The council of the National Chamber of Exporters of Sri Lanka (NCE), which comprises sectoral heads representing different product and service sectors, has deliberated on the issues of concern to the export sector and also their impact on the cost of doing business. The issues discussed highlight the following:
Inconsistency in policies and ad hoc policy changes
Concern has been expressed regarding the inconsistency and clarity of macroeconomic policies, which impact the confidence of entrepreneurs and investors to engage in business and their adverse impacts in the medium term. Further, ad hoc policy change announcements from time to time without consulting the relevant stakeholders create confusion and uncertainty. For example, the recent changes in regard to direct and indirect taxes is a case in point.
While the prime minister announced in the earlier medium-term economic policy statement that the ratio of direct taxes and indirect taxes would be improved to 60:40, what was subsequently implemented by the Finance Ministry was the reverse, which further increases the proportion of indirect taxes due to change in the value-added tax (VAT) rate. The government intervention in private sector wages is another example. At present, there is no clear-cut trade policy, taxation policy and wage policy.
Currently, there is a good opportunity for the two main political parties in the government to agree on the core national policies related to the above and other areas which will ensure long-term sustainability of businesses and also create confidence in the minds of prospective investors to attract foreign direct investments as well.
Increase of the corporate tax of export ventures
The budget proposals for 2016 increased the corporate tax of export ventures from 12 percent to 17.5 percent. Additionally, the recent increase of VAT from 12 percent to 15 percent is considered to affect the cost of certain inputs, although the export enterprises are zero rated in regard to VAT. This is due to the fact that certain suppliers of inputs to exporters charge VAT although they are not registered for VAT, while others are not registered for simplified value-added tax (SVAT). Proper tax administration would ensure that such suppliers are included in the tax net to enable increase of government revenue and also reduce the cost of production of exporters.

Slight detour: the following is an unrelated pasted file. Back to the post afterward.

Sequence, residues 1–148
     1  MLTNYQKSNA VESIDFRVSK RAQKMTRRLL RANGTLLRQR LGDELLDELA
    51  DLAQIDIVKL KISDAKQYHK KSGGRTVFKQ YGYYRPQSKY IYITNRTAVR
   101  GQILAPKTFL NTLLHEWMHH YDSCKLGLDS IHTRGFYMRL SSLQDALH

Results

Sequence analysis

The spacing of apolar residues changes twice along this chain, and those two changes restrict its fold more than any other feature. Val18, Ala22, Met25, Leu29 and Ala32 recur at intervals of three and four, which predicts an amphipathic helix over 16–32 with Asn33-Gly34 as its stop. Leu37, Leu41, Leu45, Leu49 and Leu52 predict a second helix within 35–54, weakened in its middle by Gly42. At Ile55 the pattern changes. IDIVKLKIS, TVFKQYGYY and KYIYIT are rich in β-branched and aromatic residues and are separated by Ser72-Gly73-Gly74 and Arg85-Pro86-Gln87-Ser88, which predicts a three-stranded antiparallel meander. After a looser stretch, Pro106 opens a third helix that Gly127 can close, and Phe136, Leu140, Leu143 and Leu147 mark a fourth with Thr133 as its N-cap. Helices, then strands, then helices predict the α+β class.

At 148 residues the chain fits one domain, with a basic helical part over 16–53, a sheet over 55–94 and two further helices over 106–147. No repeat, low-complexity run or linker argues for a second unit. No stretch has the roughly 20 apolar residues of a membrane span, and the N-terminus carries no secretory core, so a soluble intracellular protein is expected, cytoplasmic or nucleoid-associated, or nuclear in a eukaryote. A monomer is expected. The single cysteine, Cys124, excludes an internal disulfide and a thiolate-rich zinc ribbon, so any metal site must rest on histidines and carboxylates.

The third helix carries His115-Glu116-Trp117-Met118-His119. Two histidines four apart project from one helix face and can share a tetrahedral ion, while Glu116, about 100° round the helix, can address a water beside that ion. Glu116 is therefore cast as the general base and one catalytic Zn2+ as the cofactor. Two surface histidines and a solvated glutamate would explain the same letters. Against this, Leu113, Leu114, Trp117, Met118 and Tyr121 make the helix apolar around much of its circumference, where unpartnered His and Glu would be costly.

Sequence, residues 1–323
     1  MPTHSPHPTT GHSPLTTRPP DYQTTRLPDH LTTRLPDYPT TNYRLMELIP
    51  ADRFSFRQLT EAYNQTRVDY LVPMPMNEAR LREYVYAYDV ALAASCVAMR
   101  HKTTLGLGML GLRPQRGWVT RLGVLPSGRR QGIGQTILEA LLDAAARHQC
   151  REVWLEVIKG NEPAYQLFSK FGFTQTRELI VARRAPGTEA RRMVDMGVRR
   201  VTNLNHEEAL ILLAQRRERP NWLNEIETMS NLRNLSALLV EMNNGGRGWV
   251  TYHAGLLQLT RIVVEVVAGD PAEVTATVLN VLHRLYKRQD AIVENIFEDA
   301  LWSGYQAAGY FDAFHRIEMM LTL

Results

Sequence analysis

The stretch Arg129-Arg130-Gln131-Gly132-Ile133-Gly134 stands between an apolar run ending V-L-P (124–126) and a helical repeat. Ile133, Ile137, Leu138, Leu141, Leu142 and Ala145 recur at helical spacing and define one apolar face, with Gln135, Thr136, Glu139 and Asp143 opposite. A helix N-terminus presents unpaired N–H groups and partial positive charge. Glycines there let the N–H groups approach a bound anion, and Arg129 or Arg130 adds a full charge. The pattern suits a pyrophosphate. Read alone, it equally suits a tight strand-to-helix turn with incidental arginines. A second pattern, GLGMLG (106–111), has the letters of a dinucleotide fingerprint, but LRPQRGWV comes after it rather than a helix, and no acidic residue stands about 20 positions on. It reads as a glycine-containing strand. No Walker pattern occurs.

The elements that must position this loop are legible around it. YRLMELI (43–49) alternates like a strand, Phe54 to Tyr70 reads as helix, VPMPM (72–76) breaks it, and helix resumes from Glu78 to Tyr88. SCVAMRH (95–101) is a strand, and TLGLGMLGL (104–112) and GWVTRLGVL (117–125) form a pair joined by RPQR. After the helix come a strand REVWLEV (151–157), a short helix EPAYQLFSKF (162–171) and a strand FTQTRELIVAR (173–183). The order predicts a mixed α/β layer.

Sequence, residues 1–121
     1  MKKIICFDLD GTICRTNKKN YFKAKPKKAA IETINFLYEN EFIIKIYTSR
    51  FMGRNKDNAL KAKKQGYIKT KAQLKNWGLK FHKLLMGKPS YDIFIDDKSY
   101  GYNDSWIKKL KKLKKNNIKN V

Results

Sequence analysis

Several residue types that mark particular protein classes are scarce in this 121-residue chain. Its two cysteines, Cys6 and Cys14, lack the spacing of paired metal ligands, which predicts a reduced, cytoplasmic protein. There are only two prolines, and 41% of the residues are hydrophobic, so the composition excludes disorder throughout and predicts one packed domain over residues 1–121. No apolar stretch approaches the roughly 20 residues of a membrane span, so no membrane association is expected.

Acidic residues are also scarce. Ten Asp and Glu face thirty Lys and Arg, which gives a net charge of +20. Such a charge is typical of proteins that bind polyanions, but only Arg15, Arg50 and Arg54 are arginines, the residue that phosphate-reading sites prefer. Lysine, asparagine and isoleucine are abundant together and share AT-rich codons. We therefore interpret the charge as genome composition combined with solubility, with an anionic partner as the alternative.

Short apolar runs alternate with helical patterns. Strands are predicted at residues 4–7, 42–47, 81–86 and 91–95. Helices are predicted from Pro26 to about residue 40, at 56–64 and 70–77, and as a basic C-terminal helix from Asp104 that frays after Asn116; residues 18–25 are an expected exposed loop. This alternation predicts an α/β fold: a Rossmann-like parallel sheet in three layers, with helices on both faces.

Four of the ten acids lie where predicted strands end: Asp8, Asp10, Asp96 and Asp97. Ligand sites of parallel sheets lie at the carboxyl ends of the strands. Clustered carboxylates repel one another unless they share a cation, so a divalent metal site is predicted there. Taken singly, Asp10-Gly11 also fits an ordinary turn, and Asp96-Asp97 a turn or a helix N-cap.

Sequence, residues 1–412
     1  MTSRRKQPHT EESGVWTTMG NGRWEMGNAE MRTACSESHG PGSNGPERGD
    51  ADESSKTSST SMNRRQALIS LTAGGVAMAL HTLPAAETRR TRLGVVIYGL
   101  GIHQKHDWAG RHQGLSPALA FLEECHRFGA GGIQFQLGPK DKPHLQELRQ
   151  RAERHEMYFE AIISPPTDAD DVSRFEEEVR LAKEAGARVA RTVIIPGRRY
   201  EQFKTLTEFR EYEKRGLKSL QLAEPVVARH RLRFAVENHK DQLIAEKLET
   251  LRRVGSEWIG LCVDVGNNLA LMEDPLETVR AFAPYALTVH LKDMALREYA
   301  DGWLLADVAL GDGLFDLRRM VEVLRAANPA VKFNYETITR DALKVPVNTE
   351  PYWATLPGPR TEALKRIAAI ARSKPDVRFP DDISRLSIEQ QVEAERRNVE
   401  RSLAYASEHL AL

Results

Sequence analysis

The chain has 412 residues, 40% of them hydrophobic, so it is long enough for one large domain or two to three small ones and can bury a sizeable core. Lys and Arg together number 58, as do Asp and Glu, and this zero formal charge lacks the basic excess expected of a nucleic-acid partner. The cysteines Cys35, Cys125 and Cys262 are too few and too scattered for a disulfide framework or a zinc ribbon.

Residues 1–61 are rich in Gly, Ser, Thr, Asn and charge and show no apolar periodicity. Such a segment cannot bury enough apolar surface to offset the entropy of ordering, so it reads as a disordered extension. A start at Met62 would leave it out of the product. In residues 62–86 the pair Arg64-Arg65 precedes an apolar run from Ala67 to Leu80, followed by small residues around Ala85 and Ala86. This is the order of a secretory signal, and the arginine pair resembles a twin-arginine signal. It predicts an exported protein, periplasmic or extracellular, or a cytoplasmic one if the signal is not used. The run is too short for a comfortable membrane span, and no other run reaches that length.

Requirement to repatriate export proceeds within 90 days
Although the recent announcement regarding the requirement to repatriate export proceeds within 90 days by all enterprises, including the Board of Investment (BoI) companies, ensures a level playing field, some exporters have expressed concern regarding the sudden announcement, without prior consultation, since they have entered into contractual arrangements with buyers to provide credit facilities beyond 90 days in order to be competitive in their transactions vis-a-vis their competitors.
At a recent discussion the Finance Minister had with the members of the council of the chamber it had been stated that the exporters could obtain a Sri Lanka Export Credit Insurance Corporation (SLECIC) insurance for any extended period beyond 90 days and use it as a guarantee to obtain the Central Bank approval. However, it is understood that SLECIC is not in a position to guarantee payments of buyers in regard to extended terms although it is in a position to issue cover for non-payment of buyers under contract following proper assessment of such buyers.